More specifically related to public health, the platform can help in ways such as cluing leaders into an impending local flu outbreak by linking public health data with emergency room visits. Authorities in Reno, NV used FirstWatch’s tracking technology to bring agencies together to better prepare for expected drug related incidents and overdoses when a prescription drug ring was broken up by police, setting off a wave of preparations for medical professionals and first responders. In another example, authorities in Louisville, KY have leveraged digital health technology to address the city’s extremely high rates of asthma, among the worst in the nation. The AIR Louisville initiative brings together public and private partners to collect data from “smart inhalers” with sensors that map areas of inhaler use to measure air quality and enable authorities to focus on asthma-triggering areas and mitigate air quality in a more targeted fashion.
As public health, crime, and security are often closely linked in urban areas, it bears noting that improvements to real-time policing and security forces are an important component of fostering healthier, safer cities. With real-time policing, cities have begun creating data centers or dashboards that enable them to combine data sources (such as public health data) and to ensure a quicker response to violent events, better tracking of criminals, or even predictive policing to help prevent crime or violence.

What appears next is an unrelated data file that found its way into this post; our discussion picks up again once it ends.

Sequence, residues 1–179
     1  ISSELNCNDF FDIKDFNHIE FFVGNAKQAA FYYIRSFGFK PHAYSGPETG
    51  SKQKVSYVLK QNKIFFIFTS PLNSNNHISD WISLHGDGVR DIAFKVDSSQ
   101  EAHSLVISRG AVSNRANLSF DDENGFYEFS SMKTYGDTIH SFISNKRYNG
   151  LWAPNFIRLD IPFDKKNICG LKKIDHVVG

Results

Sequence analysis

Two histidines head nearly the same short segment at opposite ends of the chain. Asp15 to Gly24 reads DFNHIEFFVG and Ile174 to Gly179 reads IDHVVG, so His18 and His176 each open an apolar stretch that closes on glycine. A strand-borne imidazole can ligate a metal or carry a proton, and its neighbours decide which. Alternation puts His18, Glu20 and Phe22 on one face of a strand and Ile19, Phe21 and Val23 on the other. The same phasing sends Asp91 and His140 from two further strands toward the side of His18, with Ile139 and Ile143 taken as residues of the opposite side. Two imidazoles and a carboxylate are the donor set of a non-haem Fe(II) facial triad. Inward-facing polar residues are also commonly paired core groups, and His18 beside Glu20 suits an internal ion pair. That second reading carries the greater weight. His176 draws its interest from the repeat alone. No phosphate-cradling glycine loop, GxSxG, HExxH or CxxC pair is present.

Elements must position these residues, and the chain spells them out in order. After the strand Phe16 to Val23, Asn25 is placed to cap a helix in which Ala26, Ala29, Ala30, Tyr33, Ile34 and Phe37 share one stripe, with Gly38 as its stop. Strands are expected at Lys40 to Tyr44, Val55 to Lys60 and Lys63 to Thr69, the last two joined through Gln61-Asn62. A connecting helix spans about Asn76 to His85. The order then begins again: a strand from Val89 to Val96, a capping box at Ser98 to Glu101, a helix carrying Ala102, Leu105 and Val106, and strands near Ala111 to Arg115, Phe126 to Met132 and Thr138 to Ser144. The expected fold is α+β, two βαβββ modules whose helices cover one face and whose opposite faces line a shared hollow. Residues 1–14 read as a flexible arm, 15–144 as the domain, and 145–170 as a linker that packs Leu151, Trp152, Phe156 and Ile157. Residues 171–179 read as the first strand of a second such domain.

Just as with public health, improvements to emergency medicine often revolve around connecting and sharing information. At a time when many leaders in the medical field have come to acknowledge the need for much improved trauma care in the United States, improvements to emergency medicine are welcome steps toward “zero preventable deaths,” a goal outlined in a recent report by the National Academies of Sciences, Engineering, and Medicine. Among these improvements include better use of two key components of first response: ambulances and dispatch data.
Enhancing the Power of the Ambulance
Ambulances are a critically important tool in emergency medicine, enabling first responders to arrive rapidly and well-equipped to the scene of an accident and successfully serve as an important bridge to critical hospital care. Ambulances have long been the sites of technology advancements, whether for communications between first responders and hospitals, vehicle safety improvements, or new technologies for fleet management and navigation. Recent improvements enable health teams, cities, and counties to respond to emergencies faster and more effectively.